For a Fourth Time, Junior Senator From Ohio Blocks Durbin's Attempt to Confirm U.S. Attorney Nominations on the Senate Floor
Once again, Senator J.D. Vance objected to Durbin’s request
WASHINGTON – U.S. Senate Majority Whip Dick Durbin (D-IL), Chair of the Senate Judiciary Committee, today on the Senate floor requested unanimous consent (UC) to schedule confirmation votes on two U.S. Attorney nominations being held by U.S. Senator J.D. Vance (R-OH)—Rebecca C. Lutzko, nominated to be United States Attorney for the Northern District of Ohio; and April M. Perry, nominated to be United States Attorney for the Northern District of Illinois. U.S. Attorneys are empowered to prosecute all federal criminal offenses and are an integral part of our justice system. Despite these nominees’ eminent qualifications, U.S. Senator J.D. Vance (R-OH) once again objected to the unanimous consent request.
Two weeks ago, Durbin attempted to confirm these two nominees, as well as Todd Gee, nominated to be United States Attorney for the Southern District of Mississippi; and Tara McGrath, nominated to be United States Attorney forthe Southern District of California, by UC, but Vance objected to that request. Last week, Durbin requested to vote on all four nominees, which resulted in the eventual confirmation votes of Mr. Gee and Ms. McGrath. But Vance reversed his position on scheduling votes for Ms. Lutzko and Ms. Perry. Last Friday, Vance once again objected to Durbin’s UC request to schedule confirmation votes on these two U.S. Attorney nominations.
“Each time I’ve come to the floor to ask… Senator Vance of Ohio has come up with a different explanation for why he’s blocking their confirmation,” Durbin said. “As I stated last week, for nearly 50 years, the Senate has confirmed U.S. Attorney nominees for both political parties by either a voice vote or unanimous consent after they’ve been reported by the Judiciary Committee.”
Durbin went on to call out the hypocrisy of Republicans’ “tough on crime” rhetoric and their inaction on the issue, including repeated refusals to confirm or move forward these U.S. Attorney nominees.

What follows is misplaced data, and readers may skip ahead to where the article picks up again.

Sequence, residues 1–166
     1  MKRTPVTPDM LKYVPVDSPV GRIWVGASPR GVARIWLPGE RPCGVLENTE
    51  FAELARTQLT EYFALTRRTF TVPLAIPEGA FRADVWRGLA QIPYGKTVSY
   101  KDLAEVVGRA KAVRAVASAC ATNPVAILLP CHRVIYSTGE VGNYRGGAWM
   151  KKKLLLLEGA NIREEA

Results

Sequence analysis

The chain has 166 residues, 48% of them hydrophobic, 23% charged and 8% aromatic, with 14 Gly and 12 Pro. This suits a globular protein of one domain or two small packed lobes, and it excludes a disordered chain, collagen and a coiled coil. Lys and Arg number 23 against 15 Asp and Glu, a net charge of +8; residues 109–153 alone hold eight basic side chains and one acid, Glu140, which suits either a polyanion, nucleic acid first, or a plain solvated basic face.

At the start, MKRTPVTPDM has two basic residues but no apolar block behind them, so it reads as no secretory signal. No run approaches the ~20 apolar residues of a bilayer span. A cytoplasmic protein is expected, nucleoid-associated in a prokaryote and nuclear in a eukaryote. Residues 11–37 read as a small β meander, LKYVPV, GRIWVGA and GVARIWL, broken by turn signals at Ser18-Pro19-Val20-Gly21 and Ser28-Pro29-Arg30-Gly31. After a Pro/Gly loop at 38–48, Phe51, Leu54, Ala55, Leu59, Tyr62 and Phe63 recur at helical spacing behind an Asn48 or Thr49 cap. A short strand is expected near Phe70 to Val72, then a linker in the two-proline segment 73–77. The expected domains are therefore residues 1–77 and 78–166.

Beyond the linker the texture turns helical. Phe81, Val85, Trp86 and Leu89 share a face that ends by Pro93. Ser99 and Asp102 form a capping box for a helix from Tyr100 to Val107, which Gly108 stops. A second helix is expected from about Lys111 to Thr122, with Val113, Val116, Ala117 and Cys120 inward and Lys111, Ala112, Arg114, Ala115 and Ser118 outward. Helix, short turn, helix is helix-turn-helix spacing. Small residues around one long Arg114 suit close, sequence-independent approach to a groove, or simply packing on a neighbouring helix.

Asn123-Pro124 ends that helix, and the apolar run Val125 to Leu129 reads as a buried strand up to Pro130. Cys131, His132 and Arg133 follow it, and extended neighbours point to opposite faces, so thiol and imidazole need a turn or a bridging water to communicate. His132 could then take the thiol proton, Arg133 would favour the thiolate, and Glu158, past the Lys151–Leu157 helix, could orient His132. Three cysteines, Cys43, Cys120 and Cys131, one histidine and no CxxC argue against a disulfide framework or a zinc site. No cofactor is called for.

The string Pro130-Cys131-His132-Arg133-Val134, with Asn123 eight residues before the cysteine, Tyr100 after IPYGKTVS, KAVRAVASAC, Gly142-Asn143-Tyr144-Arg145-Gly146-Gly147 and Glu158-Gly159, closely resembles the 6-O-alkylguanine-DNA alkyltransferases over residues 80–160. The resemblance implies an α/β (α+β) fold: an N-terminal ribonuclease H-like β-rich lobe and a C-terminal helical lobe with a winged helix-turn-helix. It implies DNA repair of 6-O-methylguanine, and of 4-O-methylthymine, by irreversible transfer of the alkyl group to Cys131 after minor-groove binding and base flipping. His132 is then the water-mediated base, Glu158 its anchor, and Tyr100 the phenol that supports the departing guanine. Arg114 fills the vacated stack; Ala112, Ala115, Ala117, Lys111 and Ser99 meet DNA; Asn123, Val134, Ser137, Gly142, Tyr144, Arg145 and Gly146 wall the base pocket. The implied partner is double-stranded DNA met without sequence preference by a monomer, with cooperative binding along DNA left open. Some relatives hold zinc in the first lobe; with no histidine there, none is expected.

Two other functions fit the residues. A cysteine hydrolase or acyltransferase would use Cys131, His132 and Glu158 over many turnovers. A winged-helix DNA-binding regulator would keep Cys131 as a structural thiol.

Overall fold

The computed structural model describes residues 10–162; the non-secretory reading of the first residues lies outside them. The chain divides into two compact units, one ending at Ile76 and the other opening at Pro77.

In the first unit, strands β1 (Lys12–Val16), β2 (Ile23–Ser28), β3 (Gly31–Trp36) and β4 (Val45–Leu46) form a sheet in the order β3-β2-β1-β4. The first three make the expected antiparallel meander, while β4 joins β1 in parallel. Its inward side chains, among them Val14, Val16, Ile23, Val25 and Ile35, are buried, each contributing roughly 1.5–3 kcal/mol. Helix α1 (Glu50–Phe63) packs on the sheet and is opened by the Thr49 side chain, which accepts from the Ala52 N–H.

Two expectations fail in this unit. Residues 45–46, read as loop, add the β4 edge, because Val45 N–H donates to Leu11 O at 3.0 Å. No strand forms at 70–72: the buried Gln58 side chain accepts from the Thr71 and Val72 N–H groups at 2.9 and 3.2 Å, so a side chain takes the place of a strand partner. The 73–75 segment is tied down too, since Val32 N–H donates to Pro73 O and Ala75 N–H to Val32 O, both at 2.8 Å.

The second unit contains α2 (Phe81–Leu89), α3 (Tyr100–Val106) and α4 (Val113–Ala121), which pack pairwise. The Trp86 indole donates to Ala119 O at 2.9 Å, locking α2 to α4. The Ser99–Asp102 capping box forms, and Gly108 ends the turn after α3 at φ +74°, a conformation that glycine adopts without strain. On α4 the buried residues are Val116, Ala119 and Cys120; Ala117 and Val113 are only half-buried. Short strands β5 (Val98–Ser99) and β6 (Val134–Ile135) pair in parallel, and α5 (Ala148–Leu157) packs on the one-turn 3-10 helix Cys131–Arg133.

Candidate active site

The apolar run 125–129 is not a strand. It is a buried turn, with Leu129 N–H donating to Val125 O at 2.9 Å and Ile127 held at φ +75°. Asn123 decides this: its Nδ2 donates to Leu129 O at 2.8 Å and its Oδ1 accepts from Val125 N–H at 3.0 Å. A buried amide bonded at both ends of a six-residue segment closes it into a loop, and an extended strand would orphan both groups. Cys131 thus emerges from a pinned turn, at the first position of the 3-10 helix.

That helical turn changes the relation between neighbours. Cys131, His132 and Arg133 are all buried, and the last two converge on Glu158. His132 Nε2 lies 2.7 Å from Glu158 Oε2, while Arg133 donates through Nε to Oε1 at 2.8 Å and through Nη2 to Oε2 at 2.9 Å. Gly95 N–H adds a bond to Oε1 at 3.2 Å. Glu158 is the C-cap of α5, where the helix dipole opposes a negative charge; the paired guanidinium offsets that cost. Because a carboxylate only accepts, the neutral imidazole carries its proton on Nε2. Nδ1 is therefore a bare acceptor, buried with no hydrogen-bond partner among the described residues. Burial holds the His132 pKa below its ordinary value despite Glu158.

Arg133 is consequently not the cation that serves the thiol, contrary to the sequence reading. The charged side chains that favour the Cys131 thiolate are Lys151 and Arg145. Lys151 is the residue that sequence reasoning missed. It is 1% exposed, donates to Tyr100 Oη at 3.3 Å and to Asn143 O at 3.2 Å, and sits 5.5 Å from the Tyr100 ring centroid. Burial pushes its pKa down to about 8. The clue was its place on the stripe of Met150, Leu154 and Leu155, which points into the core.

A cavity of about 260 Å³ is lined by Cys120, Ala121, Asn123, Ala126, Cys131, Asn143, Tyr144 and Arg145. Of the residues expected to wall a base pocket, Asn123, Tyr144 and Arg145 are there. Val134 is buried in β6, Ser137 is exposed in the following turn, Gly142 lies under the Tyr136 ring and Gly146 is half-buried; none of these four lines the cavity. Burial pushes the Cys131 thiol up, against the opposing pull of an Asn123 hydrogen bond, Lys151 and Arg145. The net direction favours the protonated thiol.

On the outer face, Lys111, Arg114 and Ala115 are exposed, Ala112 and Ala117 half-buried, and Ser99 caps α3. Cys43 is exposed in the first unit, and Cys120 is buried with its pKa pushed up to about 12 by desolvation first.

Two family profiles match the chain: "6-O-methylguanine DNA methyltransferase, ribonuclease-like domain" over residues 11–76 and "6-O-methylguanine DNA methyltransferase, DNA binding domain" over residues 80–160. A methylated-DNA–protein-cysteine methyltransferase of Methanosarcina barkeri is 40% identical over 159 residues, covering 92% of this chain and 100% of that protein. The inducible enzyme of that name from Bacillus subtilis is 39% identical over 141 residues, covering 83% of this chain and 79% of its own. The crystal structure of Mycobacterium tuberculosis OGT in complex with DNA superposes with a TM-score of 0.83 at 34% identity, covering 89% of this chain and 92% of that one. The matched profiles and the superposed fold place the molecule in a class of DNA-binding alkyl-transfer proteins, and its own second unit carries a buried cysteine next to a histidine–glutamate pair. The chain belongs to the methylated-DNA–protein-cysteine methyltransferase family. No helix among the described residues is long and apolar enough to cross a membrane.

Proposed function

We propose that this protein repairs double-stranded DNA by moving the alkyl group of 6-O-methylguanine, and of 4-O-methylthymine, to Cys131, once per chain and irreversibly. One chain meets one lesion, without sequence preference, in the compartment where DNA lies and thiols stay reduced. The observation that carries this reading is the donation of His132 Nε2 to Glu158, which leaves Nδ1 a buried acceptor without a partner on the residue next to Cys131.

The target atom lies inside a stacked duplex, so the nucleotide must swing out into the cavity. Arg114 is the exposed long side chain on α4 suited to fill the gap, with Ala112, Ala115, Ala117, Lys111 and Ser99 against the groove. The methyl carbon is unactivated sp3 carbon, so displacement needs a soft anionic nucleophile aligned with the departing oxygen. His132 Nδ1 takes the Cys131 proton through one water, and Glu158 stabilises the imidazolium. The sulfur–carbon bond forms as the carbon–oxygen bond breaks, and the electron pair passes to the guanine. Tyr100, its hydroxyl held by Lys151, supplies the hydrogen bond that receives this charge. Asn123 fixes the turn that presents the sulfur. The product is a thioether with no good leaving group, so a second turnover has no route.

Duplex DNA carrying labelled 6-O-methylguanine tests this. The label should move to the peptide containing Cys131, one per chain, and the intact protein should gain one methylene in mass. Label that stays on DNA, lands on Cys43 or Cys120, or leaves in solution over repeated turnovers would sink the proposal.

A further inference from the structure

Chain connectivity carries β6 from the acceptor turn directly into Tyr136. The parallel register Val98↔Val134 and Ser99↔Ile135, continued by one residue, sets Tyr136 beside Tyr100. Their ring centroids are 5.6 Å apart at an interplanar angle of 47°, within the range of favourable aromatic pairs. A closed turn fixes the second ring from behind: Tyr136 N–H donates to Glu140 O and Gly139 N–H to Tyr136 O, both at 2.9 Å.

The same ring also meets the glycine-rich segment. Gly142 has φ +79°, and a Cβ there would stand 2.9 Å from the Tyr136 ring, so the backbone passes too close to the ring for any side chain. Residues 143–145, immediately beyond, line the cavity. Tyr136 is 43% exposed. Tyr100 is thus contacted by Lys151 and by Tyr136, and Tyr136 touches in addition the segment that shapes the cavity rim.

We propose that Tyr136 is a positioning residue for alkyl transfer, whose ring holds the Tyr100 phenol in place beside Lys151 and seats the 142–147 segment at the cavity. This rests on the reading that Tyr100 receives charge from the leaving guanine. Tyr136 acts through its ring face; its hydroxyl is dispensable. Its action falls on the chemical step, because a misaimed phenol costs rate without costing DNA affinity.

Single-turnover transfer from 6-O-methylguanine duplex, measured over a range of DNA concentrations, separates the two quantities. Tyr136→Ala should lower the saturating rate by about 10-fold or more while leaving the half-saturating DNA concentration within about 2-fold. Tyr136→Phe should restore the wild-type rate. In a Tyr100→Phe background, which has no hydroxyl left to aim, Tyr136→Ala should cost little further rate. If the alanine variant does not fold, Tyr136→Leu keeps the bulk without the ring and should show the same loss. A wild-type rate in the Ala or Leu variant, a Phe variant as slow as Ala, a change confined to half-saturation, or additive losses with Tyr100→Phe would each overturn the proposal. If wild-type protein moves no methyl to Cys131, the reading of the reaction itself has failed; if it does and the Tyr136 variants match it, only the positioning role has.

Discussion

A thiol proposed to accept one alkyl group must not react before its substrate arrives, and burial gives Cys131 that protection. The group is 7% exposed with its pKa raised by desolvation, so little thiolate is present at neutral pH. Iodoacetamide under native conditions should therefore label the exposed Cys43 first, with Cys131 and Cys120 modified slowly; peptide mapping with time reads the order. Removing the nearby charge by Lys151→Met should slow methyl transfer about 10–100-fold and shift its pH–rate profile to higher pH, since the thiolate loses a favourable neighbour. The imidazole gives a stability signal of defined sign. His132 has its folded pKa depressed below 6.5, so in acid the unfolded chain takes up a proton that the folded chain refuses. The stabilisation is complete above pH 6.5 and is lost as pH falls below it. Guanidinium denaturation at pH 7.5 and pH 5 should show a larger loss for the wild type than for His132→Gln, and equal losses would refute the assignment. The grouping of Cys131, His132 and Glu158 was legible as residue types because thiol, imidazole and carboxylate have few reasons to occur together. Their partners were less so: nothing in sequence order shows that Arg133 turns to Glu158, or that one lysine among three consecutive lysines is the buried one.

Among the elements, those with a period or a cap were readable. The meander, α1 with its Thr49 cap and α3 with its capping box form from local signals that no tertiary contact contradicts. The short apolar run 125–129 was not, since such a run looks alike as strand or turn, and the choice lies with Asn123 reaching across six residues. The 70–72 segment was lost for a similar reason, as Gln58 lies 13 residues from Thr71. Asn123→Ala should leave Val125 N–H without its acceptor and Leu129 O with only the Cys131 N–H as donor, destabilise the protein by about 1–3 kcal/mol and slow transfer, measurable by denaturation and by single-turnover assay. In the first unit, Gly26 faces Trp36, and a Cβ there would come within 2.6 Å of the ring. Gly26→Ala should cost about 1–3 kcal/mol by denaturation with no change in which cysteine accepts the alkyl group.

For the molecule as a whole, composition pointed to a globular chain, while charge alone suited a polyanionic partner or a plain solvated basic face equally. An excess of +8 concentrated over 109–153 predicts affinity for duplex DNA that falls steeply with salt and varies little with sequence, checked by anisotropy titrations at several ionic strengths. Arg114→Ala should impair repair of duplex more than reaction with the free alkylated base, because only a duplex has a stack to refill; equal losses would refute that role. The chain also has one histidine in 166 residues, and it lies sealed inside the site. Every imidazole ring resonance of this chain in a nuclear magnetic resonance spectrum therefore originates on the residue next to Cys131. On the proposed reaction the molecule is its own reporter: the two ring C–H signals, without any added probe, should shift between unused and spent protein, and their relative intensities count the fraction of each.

“Leader McConnell regularly comes to the floor to assert that Republicans are really tougher on crime than Democrats. The obstacles that Senate Republicans have created to confirming federal prosecutors, and especially Senator Vance’s actions over the last two weeks, shows what an empty argument that is,” Durbin said. “Senate Republicans are literally moving the goalposts in the Senate blocking the confirmation of law enforcement officers who lead our nation’s efforts to prosecute violent crime and protect our communities from drug traffickers, gun violence, terrorism, and so many other crimes.”
Durbin continued, “According to the Senator from Ohio, the junior Senator, the Justice Department has been ‘weaponized’—a favorite word of the right—simply because former President Trump has been indicted for multiple felonies. So this is retribution. In order to punish the Department of Justice for any part of it, prosecuting or indicting the former President, the Senator from Ohio wants to stop prosecutors, criminal prosecutors, from going to work in Chicago and Cleveland.”
Durbin concluded, “When one Senator can stop the appointment of a well-qualified individual with no questions asked about her ability to handle the job either in Cleveland or Chicago and to do that because he has a political grievance. I hope I never get to that point, and I hope other members of the Senate will think twice. We need a government that is effective and provides safety for the people that we are sent here to represent. And having this snit over some political grievance and holding up the effective appointment of prosecutors to do their job is inappropriate and I will continue to come to the floor and plead the case for safety in the neighborhoods. And before anyone else decides to come to the floor in the future on the Republican side and criticize crime in the city of Chicago, for goodness’ sakes, try to explain to the Senator from Ohio there is a connection between criminal prosecution and crime.”
Video of Durbin’s remarks on the Senate floor is available here.
Audio of Durbin’s remarks on the Senate floor is available here.
Footage of Durbin’s remarks on the Senate floor is available here for TV Stations.
For decades, the Senate has confirmed U.S. Attorneys by voice vote or unanimous consent after they have been considered in the Judiciary Committee. Before the 117th Congress, the last time the Senate required a roll call vote on confirmation of a U.S. Attorney nominee was 1975. During the Trump Administration, 85 of President Trump’s U.S. Attorney nominees moved through the Judiciary Committee—of those 85, the Senate confirmed all by unanimous consent.
That precedent changed last Congress when Durbin went through thisexercise twice when a Republican colleague refused to allow the Senate to confirm nearly a dozen Justice Department nominees by voice vote—the typical practice. Following one of Durbin’s unanimous consent requests, that Senator eventually lifted his objections and allowed those nominees to beconfirmed.
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